This can’t be good for you – Part 2

September 26, 2011 by · Leave a Comment
Filed under: Spinewave Bulletin 

The effects of stress on the developing brain

September 22, 2011 by · Leave a Comment
Filed under: Research, Spinewave Bulletin 

The brain is the central organ of stress and adaptation because it perceives what is threatening and determines a behavioural response that may include fighting, fleeing, vigilance, and anxiety toward possible danger. The brain also determines health-damaging behaviours such as eating too much, smoking or drinking, and sleeping poorly. The brain regulates body processes through the nervous system, the neuroendocrine system, and the immune and metabolic systems, which work together as a nonlinear network that concurrently affects many body organs, such as heart, liver, kidneys and brain. The brain also responds to stress, sex, and metabolic hormones, which can alter neuronal architecture and alter behaviour as well as the regulation of those body processes.

For example, chronic stress, including sleep deprivation and jet lag, can produce changes in brain architecture, increase anxiety, alter mood, and decrease memory and cognitive flexibility. Fortunately, these changes in neuronal circuitry are reversible in a healthy, resilient brain. When they do not reverse after the stressor is removed, chronic anxiety and depression may occur that require treatment by behavioural and pharmaceutical means.

At the same time, with the epidemic of obesity and Type 2 diabetes, there is a new threat to the brain as well as to body health. Type 2 diabetes has damaging effects on the young brain as well as the adult brain. It impairs the capacity to learn and remember and has also been linked to increased risk for dementia. Thus counteractive measures, including diet and increased physical activity, are important for brain health as well as for body health.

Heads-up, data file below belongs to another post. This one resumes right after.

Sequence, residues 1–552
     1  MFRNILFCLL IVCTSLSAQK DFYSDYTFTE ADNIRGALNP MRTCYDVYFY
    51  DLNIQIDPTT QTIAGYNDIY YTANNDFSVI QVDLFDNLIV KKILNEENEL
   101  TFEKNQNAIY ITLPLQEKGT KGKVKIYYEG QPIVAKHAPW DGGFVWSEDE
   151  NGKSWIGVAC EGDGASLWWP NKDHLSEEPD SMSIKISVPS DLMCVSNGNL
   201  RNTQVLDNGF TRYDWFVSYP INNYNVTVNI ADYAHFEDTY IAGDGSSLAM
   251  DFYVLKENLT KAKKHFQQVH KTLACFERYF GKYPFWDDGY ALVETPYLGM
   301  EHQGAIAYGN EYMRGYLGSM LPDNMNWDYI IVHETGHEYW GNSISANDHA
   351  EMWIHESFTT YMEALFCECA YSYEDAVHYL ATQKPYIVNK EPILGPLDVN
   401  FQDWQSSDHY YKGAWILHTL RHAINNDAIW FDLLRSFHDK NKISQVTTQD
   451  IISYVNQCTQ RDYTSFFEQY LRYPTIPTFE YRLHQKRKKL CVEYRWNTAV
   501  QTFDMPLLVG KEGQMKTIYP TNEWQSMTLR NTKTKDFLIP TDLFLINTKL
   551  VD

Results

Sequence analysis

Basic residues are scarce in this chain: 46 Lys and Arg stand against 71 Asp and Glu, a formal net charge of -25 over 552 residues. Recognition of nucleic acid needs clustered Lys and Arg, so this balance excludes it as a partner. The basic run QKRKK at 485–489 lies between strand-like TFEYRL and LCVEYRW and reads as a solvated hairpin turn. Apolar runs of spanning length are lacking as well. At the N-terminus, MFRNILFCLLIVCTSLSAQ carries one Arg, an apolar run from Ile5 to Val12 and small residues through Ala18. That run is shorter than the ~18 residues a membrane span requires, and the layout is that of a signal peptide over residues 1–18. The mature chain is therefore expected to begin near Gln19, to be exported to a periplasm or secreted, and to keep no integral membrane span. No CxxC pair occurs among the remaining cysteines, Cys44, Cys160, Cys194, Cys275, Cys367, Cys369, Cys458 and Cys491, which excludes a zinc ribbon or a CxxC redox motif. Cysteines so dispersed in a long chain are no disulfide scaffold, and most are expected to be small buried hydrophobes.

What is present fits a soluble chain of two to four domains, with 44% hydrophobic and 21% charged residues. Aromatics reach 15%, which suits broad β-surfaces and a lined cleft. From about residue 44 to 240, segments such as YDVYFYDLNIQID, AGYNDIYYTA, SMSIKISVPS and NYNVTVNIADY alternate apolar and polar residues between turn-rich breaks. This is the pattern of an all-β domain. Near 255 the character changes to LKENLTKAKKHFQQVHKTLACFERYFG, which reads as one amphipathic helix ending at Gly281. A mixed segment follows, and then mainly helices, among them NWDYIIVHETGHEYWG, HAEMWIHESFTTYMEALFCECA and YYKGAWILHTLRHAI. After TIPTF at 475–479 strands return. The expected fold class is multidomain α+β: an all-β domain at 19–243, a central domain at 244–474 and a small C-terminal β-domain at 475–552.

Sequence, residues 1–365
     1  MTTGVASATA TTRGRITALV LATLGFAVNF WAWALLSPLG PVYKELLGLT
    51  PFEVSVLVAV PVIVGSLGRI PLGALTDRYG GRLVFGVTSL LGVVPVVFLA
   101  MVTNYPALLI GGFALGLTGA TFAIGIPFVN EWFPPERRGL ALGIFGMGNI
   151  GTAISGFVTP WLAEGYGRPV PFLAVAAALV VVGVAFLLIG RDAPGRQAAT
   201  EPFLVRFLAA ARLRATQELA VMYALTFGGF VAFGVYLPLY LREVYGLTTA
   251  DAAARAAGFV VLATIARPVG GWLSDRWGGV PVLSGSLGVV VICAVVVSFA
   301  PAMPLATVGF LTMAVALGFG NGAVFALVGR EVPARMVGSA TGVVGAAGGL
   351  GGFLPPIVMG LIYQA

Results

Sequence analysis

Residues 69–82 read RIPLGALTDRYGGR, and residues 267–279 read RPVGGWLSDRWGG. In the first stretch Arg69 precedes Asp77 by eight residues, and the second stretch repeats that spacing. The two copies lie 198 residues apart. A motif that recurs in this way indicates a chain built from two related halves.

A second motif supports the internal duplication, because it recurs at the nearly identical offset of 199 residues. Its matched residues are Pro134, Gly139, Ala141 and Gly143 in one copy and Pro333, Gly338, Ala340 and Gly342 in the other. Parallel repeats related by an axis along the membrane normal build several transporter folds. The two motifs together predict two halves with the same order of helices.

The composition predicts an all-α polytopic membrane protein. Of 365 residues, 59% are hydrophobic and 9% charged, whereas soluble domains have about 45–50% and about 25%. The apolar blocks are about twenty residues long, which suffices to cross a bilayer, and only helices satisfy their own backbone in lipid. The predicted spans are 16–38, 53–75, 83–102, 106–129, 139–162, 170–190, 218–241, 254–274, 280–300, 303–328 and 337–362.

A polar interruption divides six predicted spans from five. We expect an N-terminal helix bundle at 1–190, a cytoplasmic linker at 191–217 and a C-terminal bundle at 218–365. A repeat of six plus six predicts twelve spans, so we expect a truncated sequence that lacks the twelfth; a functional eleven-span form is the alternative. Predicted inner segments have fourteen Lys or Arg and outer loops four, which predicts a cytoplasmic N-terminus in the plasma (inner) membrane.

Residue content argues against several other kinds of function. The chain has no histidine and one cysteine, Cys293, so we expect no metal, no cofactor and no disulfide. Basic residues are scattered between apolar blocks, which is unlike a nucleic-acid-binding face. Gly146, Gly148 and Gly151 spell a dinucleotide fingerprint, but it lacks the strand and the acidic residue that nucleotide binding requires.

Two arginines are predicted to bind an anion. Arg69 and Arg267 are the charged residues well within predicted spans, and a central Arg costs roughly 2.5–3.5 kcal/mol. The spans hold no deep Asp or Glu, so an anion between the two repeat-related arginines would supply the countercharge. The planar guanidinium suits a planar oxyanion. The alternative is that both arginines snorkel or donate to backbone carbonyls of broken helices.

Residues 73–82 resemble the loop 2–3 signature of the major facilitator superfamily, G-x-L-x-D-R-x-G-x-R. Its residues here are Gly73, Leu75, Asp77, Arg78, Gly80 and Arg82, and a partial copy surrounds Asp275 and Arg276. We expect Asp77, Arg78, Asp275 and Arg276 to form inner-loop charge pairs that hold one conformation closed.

The social environment has enormous impact on the individual through the brain. Besides major life events, abuse, and neglect, it is the ordinary day-to-day experiences in family, neighbourhood, school, and work that affect brain and body function and promote those health-damaging behaviours. Read more

How to be Good

September 20, 2011 by · Leave a Comment
Filed under: Spinewave Bulletin 

Rules that can be applied to 10-year-olds and adults alike.

My good friend has had this printed and tacked to her fridge for her boys for years. I laugh every time I read it.

How to be Good:

  1. Always share the Playstation.
  2. Don’t stand on things that break.
  3. Sit quietly when you are asked.
  4. Always share toys with others.
  5. Don’t fight with others or be annoying to people.
  6. Say “please” and “thank you”.
  7. Only touch food you will eat.
  8. Don’t argue with adults.
  9. Speak nicely to other people.
  10. Don’t hurt other people’s bodies or their feelings.
  11. Treat other people’s things nicely.

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